Forgetting to Test Your Carpet Cleaner
Carpets see a lot of traffic over the warmer months, so these soft surfaces need a thorough cleaning in the fall to remove dirt and odors. In the rush to finish the project before the weather gets too cold to crack open the windows for ventilation, many homeowners forget to test the cleaning solution before they get started, and end up with a discolored patch. Harsh carpet cleaners and spot removers should always be tested in an inconspicuous spot, such as in a corner or beneath a rug, to prevent any damage.
Related: How To: Get Rid of Every Carpet Stain
Not Switching to High-Efficiency Bulbs
Because the sun sets earlier during the winter, you’ll be leaving your lights on for longer stretches of time. Prepare for the increased energy consumption by swapping your incandescent bulbs for either light-emitting diodes (LEDs) or compact fluorescent lamps (CFLs). You’ll spend a bit more per bulb initially, but LED or CFL bulbs last longer and save energy.
Related: 9 Energy-Saving Home Upgrades That Pay for Themselves
Blasting Your Pressure Washer
Pressure washers clear away seasonal buildup of dirt and grime from your siding, but many homeowners blast the water at full force. Excessive water pressure can damage your home’s exterior by forcing moisture under the siding, peeling away paint, or damaging softer materials like cedar. To keep your siding in top shape for winter, fit a pressure washer wand with a wide-spray tip. Start at the top of the siding, and then angle the direction of the water slightly downward. Be sure to use gentle side-to-side motions while cleaning.
Related: 7 Signs Your House Needs New Siding
Neglecting to Touch Up Your Exterior
Thanks to cooler, more comfortable weather, fall is the perfect time to touch up your home’s exterior. Be sure not to ruin the renewed finish by using the wrong techniques. Select a high-quality exterior paint with an acrylic base, and don't choose a windy day for the job. If your house doesn’t need an entire paint job, consider touching up bare spots, splits, and board ends to protect them from winter weather.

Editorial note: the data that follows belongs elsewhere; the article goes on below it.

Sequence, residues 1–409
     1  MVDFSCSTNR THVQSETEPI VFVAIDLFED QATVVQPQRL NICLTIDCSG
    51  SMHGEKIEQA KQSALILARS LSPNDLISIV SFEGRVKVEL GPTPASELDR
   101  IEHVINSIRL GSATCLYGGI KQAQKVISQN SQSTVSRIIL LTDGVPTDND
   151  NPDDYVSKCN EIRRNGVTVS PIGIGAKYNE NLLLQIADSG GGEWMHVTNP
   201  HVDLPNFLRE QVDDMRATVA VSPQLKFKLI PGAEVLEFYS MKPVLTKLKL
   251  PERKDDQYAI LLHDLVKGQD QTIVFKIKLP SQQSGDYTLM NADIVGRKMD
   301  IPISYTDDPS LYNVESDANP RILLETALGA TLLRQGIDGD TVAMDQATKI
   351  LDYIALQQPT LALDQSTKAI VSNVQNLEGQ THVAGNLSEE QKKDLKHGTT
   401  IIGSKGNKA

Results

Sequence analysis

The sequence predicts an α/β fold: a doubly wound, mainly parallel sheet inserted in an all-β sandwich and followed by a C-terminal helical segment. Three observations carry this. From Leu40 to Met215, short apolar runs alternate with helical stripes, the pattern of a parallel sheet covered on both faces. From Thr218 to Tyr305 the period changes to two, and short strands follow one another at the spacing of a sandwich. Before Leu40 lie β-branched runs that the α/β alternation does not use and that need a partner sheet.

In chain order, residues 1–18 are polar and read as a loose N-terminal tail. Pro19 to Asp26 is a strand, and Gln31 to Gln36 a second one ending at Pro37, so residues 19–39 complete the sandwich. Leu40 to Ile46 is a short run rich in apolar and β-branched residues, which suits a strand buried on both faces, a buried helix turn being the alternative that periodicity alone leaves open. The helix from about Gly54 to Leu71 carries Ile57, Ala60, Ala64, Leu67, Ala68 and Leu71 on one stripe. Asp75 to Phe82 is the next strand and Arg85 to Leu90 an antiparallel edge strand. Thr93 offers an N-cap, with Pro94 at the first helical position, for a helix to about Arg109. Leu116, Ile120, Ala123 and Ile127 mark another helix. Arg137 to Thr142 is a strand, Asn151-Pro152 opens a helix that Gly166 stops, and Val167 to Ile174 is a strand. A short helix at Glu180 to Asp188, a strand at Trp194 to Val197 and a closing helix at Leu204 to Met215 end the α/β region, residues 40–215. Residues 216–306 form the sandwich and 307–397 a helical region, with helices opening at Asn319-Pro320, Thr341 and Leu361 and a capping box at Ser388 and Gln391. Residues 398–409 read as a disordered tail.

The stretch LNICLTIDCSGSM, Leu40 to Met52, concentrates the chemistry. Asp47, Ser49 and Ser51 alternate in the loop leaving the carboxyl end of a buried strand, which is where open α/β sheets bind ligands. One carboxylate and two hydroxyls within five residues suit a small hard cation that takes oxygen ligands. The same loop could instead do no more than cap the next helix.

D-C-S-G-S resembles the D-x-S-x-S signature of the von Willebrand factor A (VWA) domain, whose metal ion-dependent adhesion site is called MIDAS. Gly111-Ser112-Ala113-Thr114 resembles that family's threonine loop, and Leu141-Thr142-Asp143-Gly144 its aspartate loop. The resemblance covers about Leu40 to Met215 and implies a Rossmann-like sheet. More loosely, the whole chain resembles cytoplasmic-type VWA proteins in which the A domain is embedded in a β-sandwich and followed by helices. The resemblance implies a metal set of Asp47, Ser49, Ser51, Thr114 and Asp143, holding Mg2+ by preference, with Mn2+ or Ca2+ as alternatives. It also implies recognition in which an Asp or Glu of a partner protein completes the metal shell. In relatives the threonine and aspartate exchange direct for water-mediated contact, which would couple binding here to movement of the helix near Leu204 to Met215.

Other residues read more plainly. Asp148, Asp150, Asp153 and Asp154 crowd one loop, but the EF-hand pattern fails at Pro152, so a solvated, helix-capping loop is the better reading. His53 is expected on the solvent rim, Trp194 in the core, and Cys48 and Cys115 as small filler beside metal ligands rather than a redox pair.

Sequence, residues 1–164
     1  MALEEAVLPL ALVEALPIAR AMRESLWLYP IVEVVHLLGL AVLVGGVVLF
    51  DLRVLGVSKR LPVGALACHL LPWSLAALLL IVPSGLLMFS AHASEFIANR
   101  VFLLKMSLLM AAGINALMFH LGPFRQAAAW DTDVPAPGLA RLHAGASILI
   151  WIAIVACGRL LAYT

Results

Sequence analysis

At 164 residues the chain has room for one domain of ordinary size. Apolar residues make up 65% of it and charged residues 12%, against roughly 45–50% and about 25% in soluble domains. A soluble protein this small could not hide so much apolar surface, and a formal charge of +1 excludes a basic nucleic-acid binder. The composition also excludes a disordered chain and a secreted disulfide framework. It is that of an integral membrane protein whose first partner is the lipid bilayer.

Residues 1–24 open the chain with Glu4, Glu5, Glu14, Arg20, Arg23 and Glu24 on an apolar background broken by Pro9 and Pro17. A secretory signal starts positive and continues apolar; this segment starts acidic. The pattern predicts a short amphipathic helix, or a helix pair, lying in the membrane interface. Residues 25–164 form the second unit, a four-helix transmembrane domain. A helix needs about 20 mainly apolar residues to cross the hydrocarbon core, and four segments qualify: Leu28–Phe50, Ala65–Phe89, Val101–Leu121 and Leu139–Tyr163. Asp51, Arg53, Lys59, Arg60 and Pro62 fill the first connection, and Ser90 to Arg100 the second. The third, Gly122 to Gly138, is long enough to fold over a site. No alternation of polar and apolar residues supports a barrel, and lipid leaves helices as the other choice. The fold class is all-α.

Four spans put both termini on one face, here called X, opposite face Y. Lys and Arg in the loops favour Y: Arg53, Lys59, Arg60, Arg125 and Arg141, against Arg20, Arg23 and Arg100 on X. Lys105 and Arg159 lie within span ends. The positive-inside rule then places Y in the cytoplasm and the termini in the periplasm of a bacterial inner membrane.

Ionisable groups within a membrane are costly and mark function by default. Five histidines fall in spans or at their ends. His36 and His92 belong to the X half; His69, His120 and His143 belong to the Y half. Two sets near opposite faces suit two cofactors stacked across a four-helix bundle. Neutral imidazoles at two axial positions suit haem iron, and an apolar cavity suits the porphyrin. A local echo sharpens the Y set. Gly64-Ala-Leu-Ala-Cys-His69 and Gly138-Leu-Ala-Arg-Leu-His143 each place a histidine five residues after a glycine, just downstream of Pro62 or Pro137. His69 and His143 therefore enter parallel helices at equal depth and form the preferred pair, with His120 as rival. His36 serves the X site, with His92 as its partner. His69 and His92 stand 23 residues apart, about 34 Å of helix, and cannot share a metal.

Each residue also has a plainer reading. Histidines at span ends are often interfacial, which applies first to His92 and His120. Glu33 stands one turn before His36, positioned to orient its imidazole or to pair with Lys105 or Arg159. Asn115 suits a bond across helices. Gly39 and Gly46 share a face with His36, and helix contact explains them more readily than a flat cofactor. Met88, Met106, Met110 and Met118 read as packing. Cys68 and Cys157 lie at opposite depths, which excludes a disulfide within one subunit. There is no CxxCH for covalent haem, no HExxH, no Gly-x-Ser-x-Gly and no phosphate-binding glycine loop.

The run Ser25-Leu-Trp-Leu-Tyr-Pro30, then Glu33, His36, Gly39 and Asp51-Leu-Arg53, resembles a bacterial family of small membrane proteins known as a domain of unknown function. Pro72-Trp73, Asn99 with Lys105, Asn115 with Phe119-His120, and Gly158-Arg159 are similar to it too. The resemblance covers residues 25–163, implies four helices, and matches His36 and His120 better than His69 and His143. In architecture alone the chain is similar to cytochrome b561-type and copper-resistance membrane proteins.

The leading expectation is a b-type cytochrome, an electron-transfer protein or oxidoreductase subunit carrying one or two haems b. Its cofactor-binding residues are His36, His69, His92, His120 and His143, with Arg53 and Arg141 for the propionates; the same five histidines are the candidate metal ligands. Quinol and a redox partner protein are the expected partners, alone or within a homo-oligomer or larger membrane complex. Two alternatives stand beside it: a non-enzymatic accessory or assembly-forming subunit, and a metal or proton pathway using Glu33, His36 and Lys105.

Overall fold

Related: 7 No-Fail Exterior Paint Colors
Sealing Gaps over Old Caulk
By sealing the gaps around windows and between siding boards in the fall, you can lower your heating bill and eliminate uncomfortably cold drafts in the winter. But before you start patching the holes, remember to remove all existing caulk, because new caulk needs a clean surface to seal properly. Use a razor blade to cut away the old caulk, then wash the area with a good degreasing detergent. Let the spot dry completely before applying new caulk.
Related: Bob Vila Radio: The Right Caulk for the Job
Waiting to Replace Your Furnace Filter
Not only do clean furnace filters improve air quality by removing allergens more effectively, they also maximize the operating efficiency of your heating system—and a well-maintained heating system is a necessity during the winter. Most furnaces need a filter change every one or two months, but you may have to do it more often if you have a very dusty home or pets that shed. Replacing your own filter is relatively simple (with help from the furnace manual), but you can also hire an HVAC professional to clean the furnace, check for the presence of hazardous gases, make any necessary repairs, and replace the filter.
Related: How To: Choose the Right Furnace Filter
Reusing Roofing Materials
Winter can wreak havoc on a roof that’s seen better days, so it’s important to make repairs before the colder weather arrives, bringing with it the threat of ice dams and accumulations of snow that can cause structural damage. Many homeowners don’t realize, however, that reusing old roofing materials can sabotage repairs. Although recycling a gutter apron or flashing is a tempting way to save money, used materials (especially metal ones) won’t last as long and can increase the risk of weather damage to the roof. Spring for new materials now so you won't have to face a worn-out roof later.